7 Fake, Annoying Holidays Brought to You by Consumerism

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Got plans for Sweetest Day this year, or Grandparents Day, or one of those other random holidays that you only hear about while walking past the greeting card aisle at your local department store? Maybe just getting your wife/girlfriend/relative a piece of paper, putting it an envelope, and shipping it around the world, all the while paying too much money for some carbon-heavy manufactured hello?

Are we being too cynical? A little. Yet arguably there are just too many "holidays" out there vying for our dollars, consuming resources, and filling landfills. Yep, despite the reason to drink green beer, even St. Patrick's Day is only green in color...

1. Sweetest Day

Happy Third Saturday in October. You'd better buy your loved one a card, candy or flowers, or they'll be hurt. Thanks, Mr. Capitalist. We'll settle for a hug. Sweetest Day is not a made-up holiday, according to our friends at American Greetings. Uh huh. The holiday's origins date back to a 1921 promotion by candy companies in Cleveland, Ohio, according to the Plain Dealer.

2. St. Patrick's Day

Everyone loves to pretend they're Irish on St. Patrick's Day. This is a fun one: Wearing green to work, drinking green beer, making yourself a big ol' corned beef sandwich...celebrating Irish heritage (who care's if you aren't Irish).

Then there's the downside—all those green party cups and decorations, most of which go straight into the garbage. When it comes to waste, Halloween, Thanksgiving and even Easter (think tiny chocolate egg in gigantic plastic, confetti-filled basket) can fall into the serious over-consumption category.

From Thanksgiving to New Year's Day, household waste increases by more than 25 percent, according to federal statistics. In the United States, annual trash from gift-wrap and shopping bags totals 4 million tons.

3. Grandparents Day

Aww. How could you not love your grandma and grandpa? Of course you do, especially if they're still around. But you don't need to tell them with a store-bought card. Visit them once in a while. Bring the grandkids over. Grandparents Day is celebrated the first Sunday after Labor Day, and is credited to a housewife in Fayette County, West Virginia, who wanted to bring joy to lonely elderly people in nursing homes.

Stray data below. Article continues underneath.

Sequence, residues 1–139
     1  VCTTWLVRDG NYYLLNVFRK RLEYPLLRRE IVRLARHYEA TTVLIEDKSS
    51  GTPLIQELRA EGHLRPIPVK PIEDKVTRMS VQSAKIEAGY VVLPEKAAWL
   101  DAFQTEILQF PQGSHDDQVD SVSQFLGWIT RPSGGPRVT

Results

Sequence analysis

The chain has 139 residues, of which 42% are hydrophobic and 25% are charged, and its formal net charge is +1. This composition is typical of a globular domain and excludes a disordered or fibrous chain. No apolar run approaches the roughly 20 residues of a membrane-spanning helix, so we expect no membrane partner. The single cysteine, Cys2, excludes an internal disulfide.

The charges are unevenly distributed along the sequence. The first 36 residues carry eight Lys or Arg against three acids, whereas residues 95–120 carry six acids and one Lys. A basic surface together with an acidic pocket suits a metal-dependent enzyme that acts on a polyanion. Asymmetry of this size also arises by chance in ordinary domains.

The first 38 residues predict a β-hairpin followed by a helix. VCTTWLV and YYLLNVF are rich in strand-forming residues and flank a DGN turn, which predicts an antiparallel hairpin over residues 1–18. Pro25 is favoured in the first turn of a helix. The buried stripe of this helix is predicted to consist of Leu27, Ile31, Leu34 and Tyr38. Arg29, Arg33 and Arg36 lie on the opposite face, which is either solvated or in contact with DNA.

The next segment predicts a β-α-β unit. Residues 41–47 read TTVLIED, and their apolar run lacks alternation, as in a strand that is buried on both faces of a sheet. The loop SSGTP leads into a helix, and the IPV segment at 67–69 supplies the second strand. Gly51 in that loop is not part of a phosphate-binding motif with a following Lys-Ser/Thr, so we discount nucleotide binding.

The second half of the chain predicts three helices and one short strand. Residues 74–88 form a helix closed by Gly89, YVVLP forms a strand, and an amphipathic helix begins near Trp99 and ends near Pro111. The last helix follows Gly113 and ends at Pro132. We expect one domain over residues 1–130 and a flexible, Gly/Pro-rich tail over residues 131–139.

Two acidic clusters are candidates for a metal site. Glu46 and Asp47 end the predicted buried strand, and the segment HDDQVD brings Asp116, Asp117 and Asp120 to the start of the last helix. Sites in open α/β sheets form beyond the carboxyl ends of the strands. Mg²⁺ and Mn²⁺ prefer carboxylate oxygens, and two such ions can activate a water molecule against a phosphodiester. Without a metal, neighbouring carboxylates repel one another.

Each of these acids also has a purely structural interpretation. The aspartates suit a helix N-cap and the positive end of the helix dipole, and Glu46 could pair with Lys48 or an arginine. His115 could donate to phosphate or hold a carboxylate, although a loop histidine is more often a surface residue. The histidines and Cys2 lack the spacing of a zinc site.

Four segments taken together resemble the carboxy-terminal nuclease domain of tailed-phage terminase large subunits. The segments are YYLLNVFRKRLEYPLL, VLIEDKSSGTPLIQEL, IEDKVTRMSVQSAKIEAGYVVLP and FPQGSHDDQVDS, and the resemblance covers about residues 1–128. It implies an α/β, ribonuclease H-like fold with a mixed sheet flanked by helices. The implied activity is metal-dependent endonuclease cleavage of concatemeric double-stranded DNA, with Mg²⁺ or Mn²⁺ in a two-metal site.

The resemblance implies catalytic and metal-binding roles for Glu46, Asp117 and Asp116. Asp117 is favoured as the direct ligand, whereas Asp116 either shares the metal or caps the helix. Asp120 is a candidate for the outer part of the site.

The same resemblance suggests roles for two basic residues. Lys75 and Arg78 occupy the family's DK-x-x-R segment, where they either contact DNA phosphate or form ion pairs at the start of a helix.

According to Hallmark (a slightly biased source), research has shown that "many grandparents expressed disappointment that Grandparents Day was not 'a big event,' and the majority expressed regret that they didn't receive a card, call or gift." Your money or your guilt.

4. Mother's Day and Father's Day

What? Don't take away these days, please. We love relaxing while our significant other dotes on us. But Mother's Day and Father's Day are both referred to as "Hallmark Holidays" in popular culture (and Wikipedia).

5. Administrative Professionals' Day

Have we gone too far, declaring this holiday as fake and annoying? Formerly Secretary's Day, but changed to be more politically correct, this is the Wednesday of the last full week in April. It was organized by the National Secretaries Association in 1952, now called the International Association of Administrative Professionals.

6. Boss's Day

Oct. 16. Not to be confused with the much-less-important Administrative Professionals' Day, Boss's Day is for the people who keep the trains running on time. According to Wikipedia, "Hallmark did not offer a Boss's Day card for sale until 1979. It increased the size of its National Boss Day line by 90 percent in 2007." Alas, a card on this day is not guaranteed to get you a raise.

7. National Mustard Day

Let's consider this one a catch-all for other holidays that are too much about money and consumption. A list of commercial holidays at ibiblio.org includes National Mustard Day, on the first Saturday in August, and Earth Day, on April 22, but not Valentine's Day. Does Earth Day belong on this list? Has it become too corporate and capitalizing? Just another condiment for card stores to spread?